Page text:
Multiple Sclerosis: Clinical Overview and Updates

Pathophysiology

Multiple sclerosis, or MS, is an autoimmune disease affecting the central nervous system. This presents most often as demyelinating lesions in the brain and spinal cord.

Epidemiology

The mean age of onset is 20-30 years old. Environmental, lifestyle, and genetic factors are thought to contribute to the disease. For instance, multiple sclerosis is more prevalent at higher latitudes, suggesting an association with lower vitamin D levels. The disease is also more prevalent within families and is associated with the HLA-DR1*15:01 allele. Childhood obesity, cigarette smoking, and Epstein-Barr virus are also associated with the development of MS.

Take a look at a 20-year study of military personnel to better understand the link between EBV infection and developing MS.

Clinical Presentation

Classic presentations of multiple sclerosis include unilateral optic neuritis, intranuclear ophthalmoplegia, vertigo, myelitis, and focal sensory or motor changes.

Multiple Sclerosis Diagnosis

The diagnosis of MS is based on the McDonald Criteria, which was last revised in 2017. The diagnosis is defined by dissemination of multiple sclerosis characteristics in space and time. Dissemination in space refers to the distribution of lesions in the central nervous system, including infratentorial, juxtacortical, cortical, periventricular, and spinal cord. Dissemination in time refers to the development of new lesions over time. 

The revised McDonald Criteria made the following changes: “in patients with a typical clinically isolated syndrome and clinical or MRI demonstration of dissemination in space, the presence of CSF-specific oligoclonal bands allows a diagnosis of MS; symptomatic lesions can be used to demonstrate dissemination in space or time in patients with supratentorial, infratentorial, or spinal cord syndrome; and cortical lesions can be used to demonstrate dissemination in space.”

Relapse Treatment

For relapses that impair function, treatment typically consists of high-dose steroids, for instance, intravenous methylprednisone at a dose of 500-1000 mg for three to five days.

Disease Modifying Treatment

Disease modifying therapy (DMT) for multiple sclerosis aims to prevent the accumulation of disability. Injectable DMTs (interferons, glatiramer acetate) reduce relapse rates by 29-34% compared with placebo. Oral DMTs (fumarates, teriflunomide, S1P modulators) reduce relapse rates by 36-58%. Monoclonal antibody infusions (natalizumab, ocrelizumab, alemtuzumab) have the highest efficacy and reduce relapse rates by 68% compared to placebo. However, these infusions tend to have a higher incidence of serious adverse reactions. For instance, alemtuzumab is associated with autoimmune conditions and natalizumab is associated with progressive multifocal leukoencephalopathy.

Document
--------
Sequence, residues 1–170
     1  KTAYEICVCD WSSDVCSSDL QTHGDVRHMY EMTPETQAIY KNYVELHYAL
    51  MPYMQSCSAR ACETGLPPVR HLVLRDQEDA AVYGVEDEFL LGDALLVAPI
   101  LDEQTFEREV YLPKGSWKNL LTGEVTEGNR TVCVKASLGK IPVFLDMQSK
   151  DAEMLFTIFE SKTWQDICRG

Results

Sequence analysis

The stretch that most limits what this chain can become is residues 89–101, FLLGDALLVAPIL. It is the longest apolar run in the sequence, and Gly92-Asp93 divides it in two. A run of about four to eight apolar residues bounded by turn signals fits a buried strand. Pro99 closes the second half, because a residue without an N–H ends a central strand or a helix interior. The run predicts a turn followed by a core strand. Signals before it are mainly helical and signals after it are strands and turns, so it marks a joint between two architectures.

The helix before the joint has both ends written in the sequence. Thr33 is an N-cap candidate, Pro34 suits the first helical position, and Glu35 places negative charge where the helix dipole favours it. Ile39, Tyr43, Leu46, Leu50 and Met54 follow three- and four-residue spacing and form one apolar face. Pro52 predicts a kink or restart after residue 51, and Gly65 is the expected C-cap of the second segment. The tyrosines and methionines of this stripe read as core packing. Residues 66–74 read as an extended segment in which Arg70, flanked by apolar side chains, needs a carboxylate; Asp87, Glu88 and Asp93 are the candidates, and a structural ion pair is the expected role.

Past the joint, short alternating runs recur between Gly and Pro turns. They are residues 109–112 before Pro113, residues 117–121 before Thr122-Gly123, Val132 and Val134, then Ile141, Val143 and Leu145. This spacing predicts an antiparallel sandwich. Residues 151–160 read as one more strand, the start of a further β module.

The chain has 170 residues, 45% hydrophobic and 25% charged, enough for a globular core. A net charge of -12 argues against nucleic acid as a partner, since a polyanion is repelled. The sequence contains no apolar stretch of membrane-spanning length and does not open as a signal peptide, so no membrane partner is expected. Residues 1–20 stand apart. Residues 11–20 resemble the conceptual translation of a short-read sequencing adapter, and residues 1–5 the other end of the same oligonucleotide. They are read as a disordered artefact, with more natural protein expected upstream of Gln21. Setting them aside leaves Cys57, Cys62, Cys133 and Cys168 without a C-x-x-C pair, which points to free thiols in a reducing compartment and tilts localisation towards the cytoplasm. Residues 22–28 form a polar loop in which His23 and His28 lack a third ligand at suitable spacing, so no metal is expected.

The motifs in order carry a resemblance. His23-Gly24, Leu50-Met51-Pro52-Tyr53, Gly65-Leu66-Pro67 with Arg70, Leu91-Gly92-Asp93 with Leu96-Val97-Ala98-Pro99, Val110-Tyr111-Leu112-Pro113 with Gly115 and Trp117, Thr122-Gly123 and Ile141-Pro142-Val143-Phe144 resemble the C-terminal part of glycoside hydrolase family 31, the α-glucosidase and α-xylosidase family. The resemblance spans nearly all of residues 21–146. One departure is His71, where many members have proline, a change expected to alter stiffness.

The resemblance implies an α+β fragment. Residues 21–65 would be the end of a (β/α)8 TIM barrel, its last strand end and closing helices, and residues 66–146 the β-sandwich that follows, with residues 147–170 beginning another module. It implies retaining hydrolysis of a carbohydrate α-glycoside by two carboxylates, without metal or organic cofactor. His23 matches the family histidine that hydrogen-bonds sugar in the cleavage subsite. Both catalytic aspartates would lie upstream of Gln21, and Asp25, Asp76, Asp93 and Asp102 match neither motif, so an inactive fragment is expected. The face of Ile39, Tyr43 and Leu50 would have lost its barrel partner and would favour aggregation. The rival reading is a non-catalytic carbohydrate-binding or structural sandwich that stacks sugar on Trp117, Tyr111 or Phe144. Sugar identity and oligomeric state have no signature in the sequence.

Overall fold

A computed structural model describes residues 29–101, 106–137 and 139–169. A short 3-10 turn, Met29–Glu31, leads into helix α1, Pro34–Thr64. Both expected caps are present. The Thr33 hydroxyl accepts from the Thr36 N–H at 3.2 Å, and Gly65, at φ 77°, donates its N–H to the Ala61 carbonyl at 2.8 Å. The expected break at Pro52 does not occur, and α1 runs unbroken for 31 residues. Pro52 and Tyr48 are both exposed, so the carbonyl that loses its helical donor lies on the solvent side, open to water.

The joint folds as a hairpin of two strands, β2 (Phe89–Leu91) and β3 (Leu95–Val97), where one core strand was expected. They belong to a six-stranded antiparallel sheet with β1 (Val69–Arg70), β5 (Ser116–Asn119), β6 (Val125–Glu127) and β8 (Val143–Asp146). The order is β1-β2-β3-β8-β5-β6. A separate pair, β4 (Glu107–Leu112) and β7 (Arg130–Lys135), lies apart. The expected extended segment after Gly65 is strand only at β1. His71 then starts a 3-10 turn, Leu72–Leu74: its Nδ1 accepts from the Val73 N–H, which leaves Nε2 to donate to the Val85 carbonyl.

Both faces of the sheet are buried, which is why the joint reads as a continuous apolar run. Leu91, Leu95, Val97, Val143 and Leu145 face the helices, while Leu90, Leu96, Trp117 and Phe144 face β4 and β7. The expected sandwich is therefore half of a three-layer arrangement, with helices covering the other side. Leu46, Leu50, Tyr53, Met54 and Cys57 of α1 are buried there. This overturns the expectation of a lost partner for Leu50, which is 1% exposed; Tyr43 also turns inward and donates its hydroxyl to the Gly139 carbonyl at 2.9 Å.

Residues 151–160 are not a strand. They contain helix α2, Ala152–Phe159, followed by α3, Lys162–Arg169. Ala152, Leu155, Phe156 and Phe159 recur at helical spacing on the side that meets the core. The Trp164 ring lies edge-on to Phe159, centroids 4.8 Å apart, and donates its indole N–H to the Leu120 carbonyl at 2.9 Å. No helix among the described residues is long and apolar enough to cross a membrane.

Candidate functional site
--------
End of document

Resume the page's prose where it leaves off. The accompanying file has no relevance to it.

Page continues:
Ponesimod is one of the newest DMTs and was approved in March 2021 for relapsing forms of multiple sclerosis. It is an oral medication taken daily and has been shown to reduce annual relapse rates and reduce disease activity on MRI compared to treatment with teriflunomide, an approved DMT. In February 2021, the U.S. Food & Drug Administration approved a new intramuscular injection route of administration for peginterferon beta-1a, a DMT for relapsing forms of MS.

Multiple Sclerosis Treatment Strategy

There are two main treatment strategies. One approach is to start with the least potent medications with fewer side effects and escalate when there is evidence of disease activity on imaging or exam. This approach minimizes the risks of side effects but can potentially result in more accumulated disability. A second treatment approach is to start with a high efficacy medication to provide better disease control. However, this approach can expose patients to a higher risk of adverse events. Currently, there is no standard recommended approach.

Pregnancy and Breastfeeding

Women are often diagnosed with multiple sclerosis during their childbearing years. Relapse rates tend to be lower during the first and third trimesters of pregnancy compared with the year prior to pregnancy. All DMTs except glatiramer acetate should be discontinued at least four months prior to conception. Steroids for acute exacerbations should be avoided during the first trimester of pregnancy. With the possible exception of the injectable DMTs, breastfeeding is not recommended while on DMTs. 

Symptomatic Treatment

Multiple sclerosis is associated with disabling symptoms, including spasticity, pain, fatigue, cognitive impairment, bladder and bowel dysfunction, and mood disorders. A team of health care professionals can provide multidisciplinary support to achieve comprehensive care. 

By Joy Lin, MD
Neurologist

Published April 6, 2022


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